SEOUL (Reuters) - More than half a million South Koreans have signed a petition calling for a ban on visitors from China as Seoul announced on Tuesday it would evacuate citizens from the epicenter of the new coronavirus outbreak.
A petition filed with the presidential Blue House last week had gathered more than 540,000 signatures by Tuesday, highlighting a growing fear in South Korea that the coronavirus could spread.
South Korea has found four cases of the virus.
The first was a Chinese national but the other three are South Koreans who traveled from the central Chinese city of Wuhan, where the outbreak started.
That has not stopped the calls for Chinese visitors to be banned.
“Coronavirus is spreading from China. Even North Korea is banning Chinese people from entering,” wrote the anonymous author of the petition, adding that even a temporary ban would help stop the virus from spreading too widely.
The Blue House has not directly responded to the petition. When asked about other countries’ bans on Chinese entries, its spokesman said only that the issue should be handled in close consultation with the World Health Organization.
The newly identified coronavirus has created alarm because many of its details are still unknown. It can cause pneumonia, which has been deadly in some cases. It is still too early to know just how dangerous it is and how easily it spreads.
“The government must respond to the petition and come up with strong measures such as barring Chinese tourists,” said a passerby in Seoul, a man in his 50s who only gave his surname Chae. He was wearing a surgical mask.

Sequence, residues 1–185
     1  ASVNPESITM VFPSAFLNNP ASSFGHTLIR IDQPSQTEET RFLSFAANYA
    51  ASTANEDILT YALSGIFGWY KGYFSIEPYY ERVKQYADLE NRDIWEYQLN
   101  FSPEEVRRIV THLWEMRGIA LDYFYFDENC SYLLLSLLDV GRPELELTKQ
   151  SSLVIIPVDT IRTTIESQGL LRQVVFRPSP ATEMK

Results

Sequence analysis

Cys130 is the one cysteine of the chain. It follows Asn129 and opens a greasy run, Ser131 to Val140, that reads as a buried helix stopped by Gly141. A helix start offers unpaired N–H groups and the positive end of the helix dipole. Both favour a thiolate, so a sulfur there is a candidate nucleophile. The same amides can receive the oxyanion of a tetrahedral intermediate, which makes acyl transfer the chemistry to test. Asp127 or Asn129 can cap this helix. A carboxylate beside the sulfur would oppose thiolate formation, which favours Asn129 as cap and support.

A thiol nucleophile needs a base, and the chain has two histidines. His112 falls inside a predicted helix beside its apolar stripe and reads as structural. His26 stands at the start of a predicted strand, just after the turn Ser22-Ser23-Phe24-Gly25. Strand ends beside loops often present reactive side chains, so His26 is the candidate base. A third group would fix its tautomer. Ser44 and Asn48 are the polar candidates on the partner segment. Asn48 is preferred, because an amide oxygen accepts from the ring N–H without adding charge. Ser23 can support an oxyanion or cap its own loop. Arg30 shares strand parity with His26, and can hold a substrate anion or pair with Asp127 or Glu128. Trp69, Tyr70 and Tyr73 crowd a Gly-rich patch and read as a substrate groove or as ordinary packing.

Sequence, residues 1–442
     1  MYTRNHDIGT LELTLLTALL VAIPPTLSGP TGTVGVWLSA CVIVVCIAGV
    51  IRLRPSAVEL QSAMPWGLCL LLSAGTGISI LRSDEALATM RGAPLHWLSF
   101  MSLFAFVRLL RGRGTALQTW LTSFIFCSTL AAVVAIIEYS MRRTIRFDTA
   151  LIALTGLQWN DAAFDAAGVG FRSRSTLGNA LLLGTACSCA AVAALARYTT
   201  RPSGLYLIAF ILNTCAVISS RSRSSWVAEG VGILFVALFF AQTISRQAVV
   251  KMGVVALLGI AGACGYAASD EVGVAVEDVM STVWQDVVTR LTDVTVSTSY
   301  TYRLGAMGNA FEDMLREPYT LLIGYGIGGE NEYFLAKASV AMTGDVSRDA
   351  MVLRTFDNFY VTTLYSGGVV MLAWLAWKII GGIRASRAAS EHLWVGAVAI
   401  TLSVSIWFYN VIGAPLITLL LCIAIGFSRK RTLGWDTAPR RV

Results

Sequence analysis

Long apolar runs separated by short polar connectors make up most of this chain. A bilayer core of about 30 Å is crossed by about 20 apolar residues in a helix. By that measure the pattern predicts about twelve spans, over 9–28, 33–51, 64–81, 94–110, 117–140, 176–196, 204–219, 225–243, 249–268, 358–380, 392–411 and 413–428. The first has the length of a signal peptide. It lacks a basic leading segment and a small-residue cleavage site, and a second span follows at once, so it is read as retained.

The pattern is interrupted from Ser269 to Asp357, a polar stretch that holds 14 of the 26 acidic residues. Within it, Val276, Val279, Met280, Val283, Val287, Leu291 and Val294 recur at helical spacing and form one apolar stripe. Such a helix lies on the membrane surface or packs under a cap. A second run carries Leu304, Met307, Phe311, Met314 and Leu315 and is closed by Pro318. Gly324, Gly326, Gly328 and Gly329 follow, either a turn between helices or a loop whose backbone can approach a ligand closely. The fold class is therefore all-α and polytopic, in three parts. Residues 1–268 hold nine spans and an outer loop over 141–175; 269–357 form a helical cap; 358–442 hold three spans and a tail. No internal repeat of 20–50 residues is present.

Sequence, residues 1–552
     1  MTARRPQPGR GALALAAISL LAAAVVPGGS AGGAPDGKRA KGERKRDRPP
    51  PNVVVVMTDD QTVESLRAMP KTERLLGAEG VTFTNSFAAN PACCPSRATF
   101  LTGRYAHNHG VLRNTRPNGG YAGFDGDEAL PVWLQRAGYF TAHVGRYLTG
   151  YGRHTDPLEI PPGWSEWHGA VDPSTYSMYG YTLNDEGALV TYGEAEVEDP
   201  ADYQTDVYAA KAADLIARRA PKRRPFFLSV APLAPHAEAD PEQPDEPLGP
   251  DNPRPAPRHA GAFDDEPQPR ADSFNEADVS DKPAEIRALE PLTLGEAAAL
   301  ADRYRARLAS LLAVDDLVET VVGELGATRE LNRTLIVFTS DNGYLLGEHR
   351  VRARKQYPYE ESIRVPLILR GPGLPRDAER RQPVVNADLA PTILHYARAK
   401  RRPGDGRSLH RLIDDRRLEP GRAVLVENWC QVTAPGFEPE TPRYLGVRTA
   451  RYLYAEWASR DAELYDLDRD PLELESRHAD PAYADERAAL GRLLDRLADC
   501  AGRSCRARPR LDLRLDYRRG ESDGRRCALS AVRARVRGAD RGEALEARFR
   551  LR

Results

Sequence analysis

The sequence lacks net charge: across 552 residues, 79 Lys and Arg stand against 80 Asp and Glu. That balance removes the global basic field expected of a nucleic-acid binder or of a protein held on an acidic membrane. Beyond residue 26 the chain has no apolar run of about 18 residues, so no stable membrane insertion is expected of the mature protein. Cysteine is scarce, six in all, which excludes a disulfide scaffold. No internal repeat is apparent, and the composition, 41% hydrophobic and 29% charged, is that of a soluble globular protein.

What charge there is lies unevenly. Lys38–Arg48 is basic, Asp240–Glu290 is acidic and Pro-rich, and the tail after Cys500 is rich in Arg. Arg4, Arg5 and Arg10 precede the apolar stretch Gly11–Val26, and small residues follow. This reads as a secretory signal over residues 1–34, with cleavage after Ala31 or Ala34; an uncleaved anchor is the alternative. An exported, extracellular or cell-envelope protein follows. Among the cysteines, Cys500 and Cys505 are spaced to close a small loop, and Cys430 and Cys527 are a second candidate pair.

Kim Eun-kyung, 40, a social worker with two children, said she was also concerned about the outbreak but she also worried that a ban on visitors could upset China and bring “political, economic risks”.
The South Korean government says it is making “all-out efforts” to head off an outbreak and announced it would send at least four flights to Wuhan this week to evacuate nearly 700 South Korean citizens.
“We’ve come to this decision because our citizens there can’t return on their own due to the lockdown in the region, and they were unable to get proper medical treatment as local clinics are at full capacity,” vice foreign minister Lee Tae-ho told a briefing.
People hoping to leave would be screened before they boarded the flights, he said.
The evacuated citizens are expected to be quarantined for about two weeks at two government facilities south of Seoul.
On Tuesday, President Moon Jae-in visited a hospital that had been treating one of the four patients, and sent a message to Chinese President Xi Jinping promising to help contain the spread of the virus.
(The story refiles to correct headline to ‘S.Koreans’)
Reporting by Hyonhee Shin and Sangmi Cha; Additional reporting by Chaeyoun Won; Writing by Josh Smith; Editing by Gerry Doyle, Robert Birsel
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